Forbes Covers and Scandals: A Match Made in Capitalist Heaven

Andrea Zurini
5 min readMar 14, 2023


4 Examples of unlucky Forbes Cover

It seems that being featured on the Forbes cover can be a bit of a double-edged sword. On the one hand, it’s a great way to get some recognition for your business and achieve celebrity status in the world of entrepreneurship. On the other hand, it can also be a surefire way to end up in the news for all the wrong reasons.

Elizabeth Holmes and Theranos

Take Elizabeth Holmes, for example. She was a rising star in the tech industry, hailed as the “next Steve Jobs” and featured on the several business cover review’s in 2015. But it turns out that her company, Theranos, was more of a fraud than a revolutionary breakthrough. And now, instead of being hailed as a visionary entrepreneur, Holmes is facing multiple counts of fraud and the prospect of spending years behind bars.[1]

Sam Bankman Friedman and FTX

Or how about Sam Bankman Friedman? He appeared on the Forbes cover in 2021 as the CEO of FTX, a cryptocurrency exchange. But it turns out that FTX has been involved in some shady business practices, including allegations of insider trading and market manipulation, at the end the company failed badly. And now, instead of being celebrated as a trailblazing innovator, Friedman is facing questions about his future with a incoming process for fraud.[2]

Adam Neuman, Wework

And then there’s Adam Neuman, the former CEO of WeWork. He was featured on the Forbes cover in 2019, when his company was valued at over $47 billion. But it turns out that WeWork’s valuation was a bit of a fantasy, and the company’s business model was unsustainable. And now, instead of being lauded as a genius entrepreneur, Neuman is a cautionary tale of what can happen when you believe your own hype.[3]

Silicon Valley Bank

Ah, Silicon Valley Bank, the one bank that had the audacity to lend money to startups in the tech hub of the world. But what happens when those startups fail? Well, apparently the bank fails too. [4] The recent collapse of the bank has sent shockwaves through the entire tech ecosystem, with Square, Mozilla, and Slack being just a few of the companies affected. The bank lost billions of dollars in loans to startups that ultimately went bust, and now it’s gone bust itself.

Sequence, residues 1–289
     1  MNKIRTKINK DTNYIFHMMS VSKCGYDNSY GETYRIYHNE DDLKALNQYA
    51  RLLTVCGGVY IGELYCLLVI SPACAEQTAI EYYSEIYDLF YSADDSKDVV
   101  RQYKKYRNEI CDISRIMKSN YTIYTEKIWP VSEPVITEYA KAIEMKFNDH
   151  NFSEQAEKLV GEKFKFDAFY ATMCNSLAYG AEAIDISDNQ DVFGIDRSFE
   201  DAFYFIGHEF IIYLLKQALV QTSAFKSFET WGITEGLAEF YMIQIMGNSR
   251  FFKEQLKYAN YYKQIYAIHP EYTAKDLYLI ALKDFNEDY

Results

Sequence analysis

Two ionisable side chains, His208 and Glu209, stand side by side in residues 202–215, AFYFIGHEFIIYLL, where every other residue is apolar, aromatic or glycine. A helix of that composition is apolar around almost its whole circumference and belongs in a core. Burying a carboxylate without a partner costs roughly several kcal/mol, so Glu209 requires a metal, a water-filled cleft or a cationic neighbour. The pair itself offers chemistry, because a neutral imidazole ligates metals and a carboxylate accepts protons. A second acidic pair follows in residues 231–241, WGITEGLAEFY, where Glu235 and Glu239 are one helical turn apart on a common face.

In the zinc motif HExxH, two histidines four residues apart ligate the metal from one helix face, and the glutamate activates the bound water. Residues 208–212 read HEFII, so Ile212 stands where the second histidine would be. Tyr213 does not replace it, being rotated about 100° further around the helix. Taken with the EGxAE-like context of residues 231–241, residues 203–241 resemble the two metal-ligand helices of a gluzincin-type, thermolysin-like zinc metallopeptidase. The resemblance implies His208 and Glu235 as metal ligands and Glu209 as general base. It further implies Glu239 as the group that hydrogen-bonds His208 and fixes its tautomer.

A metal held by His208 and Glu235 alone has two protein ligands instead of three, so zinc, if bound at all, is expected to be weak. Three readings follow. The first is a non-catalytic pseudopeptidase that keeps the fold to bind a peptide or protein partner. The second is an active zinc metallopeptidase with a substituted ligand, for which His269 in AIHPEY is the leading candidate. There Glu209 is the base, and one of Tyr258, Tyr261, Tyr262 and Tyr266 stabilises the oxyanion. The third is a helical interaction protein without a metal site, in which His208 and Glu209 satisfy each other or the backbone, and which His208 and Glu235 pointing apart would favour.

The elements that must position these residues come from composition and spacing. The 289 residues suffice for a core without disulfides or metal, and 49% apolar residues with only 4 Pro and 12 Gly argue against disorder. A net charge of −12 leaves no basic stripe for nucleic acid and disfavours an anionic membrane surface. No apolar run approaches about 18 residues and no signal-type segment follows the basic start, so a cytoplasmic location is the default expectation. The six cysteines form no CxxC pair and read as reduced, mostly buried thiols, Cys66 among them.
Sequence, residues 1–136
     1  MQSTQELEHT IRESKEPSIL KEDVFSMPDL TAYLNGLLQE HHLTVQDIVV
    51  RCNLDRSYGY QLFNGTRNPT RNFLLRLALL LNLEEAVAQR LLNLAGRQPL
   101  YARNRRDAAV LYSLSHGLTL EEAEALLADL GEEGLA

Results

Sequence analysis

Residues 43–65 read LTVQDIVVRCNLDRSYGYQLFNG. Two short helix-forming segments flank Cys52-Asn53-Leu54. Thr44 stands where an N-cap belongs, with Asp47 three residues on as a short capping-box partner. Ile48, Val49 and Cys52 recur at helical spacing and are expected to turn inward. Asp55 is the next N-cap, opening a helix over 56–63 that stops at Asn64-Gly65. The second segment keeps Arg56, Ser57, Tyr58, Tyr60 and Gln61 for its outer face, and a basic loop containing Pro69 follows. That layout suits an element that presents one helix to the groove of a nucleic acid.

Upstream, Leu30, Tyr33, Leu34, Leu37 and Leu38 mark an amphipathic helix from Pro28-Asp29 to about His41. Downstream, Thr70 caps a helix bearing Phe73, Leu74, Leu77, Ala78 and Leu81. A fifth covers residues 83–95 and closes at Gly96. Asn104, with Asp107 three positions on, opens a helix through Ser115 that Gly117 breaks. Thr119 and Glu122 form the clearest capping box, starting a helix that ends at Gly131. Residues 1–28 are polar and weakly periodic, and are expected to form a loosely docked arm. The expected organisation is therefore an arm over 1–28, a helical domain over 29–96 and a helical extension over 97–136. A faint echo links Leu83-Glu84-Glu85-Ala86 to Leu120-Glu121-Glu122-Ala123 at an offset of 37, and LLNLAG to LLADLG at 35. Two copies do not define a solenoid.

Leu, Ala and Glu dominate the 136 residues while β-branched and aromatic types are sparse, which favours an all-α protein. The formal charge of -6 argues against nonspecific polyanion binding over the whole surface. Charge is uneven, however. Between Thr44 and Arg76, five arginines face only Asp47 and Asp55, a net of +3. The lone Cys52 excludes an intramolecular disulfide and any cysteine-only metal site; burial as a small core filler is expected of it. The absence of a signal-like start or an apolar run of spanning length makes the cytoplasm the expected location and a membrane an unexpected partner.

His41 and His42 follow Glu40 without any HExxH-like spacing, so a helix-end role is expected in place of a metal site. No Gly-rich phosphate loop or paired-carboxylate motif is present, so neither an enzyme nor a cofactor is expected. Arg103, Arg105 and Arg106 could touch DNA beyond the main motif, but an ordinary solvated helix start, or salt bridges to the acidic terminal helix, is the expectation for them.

The fall of Silicon Valley Bank Financial Group (SVB) is the biggest banking collapse in the past 15 years, and its recent downfall has led to a run on the bank, causing it to crumble under the pressure.

The problem of Forbes Lists

Moreover, Forbes’ narrative of success, with its “Under 30” and “Billionaires” lists, fuels a culture of achievement that whips people instead of motivating them. The publication suggests that the only way to succeed is to achieve it quickly, without any consideration for the long-term consequences of one’s actions. The fact that people can enter these lists by being recommended by others can also distort the objectivity of the lists themselves.

This type of narrative is not only unrealistic, but it is also dangerous. It fosters a toxic culture of success that sidelines ethics and responsibility. This attitude can lead to reckless and harmful decisions, both for the individual and for society as a whole because it incites people to follow a culture that is not only toxic but also fragile when it comes to real life.

Forbes should leave aside the miraculous business captains who end up sinking and start talking about how real change happens by giving space to technicians and researchers. It is only with solid skills that positive change is created.

Finally, a piece of advice for those who follow the Silicon Valley world: not everything that glitters is gold. True, a significant portion of the innovations we live with today have emerged from there, but so have many of the problems they have caused (if you think about the harmful effects of social media, it’s an excellent example). Europe has a tradition of critical thinking and should culturally try not to flatten itself into an American model, no matter how successful it may appear.

Stop fake until you make it and even after?

So what can we learn from all of this? Well, maybe it’s time to take a step back and reassess what we value in business. Maybe we should stop celebrating short-term success and start focusing on building sustainable, ethical businesses that contribute to society in meaningful ways. Or maybe we should just stop taking Forbes covers so seriously. After all, it seems like being featured on the cover can be a bit of a curse as much as a blessing.

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Andrea Zurini

💡👨‍💻 Digital Innovation Specialist |🚀Startup Mentor | ✍️ Digital Creator | 🇮🇹 My newsletter is in italian on Substack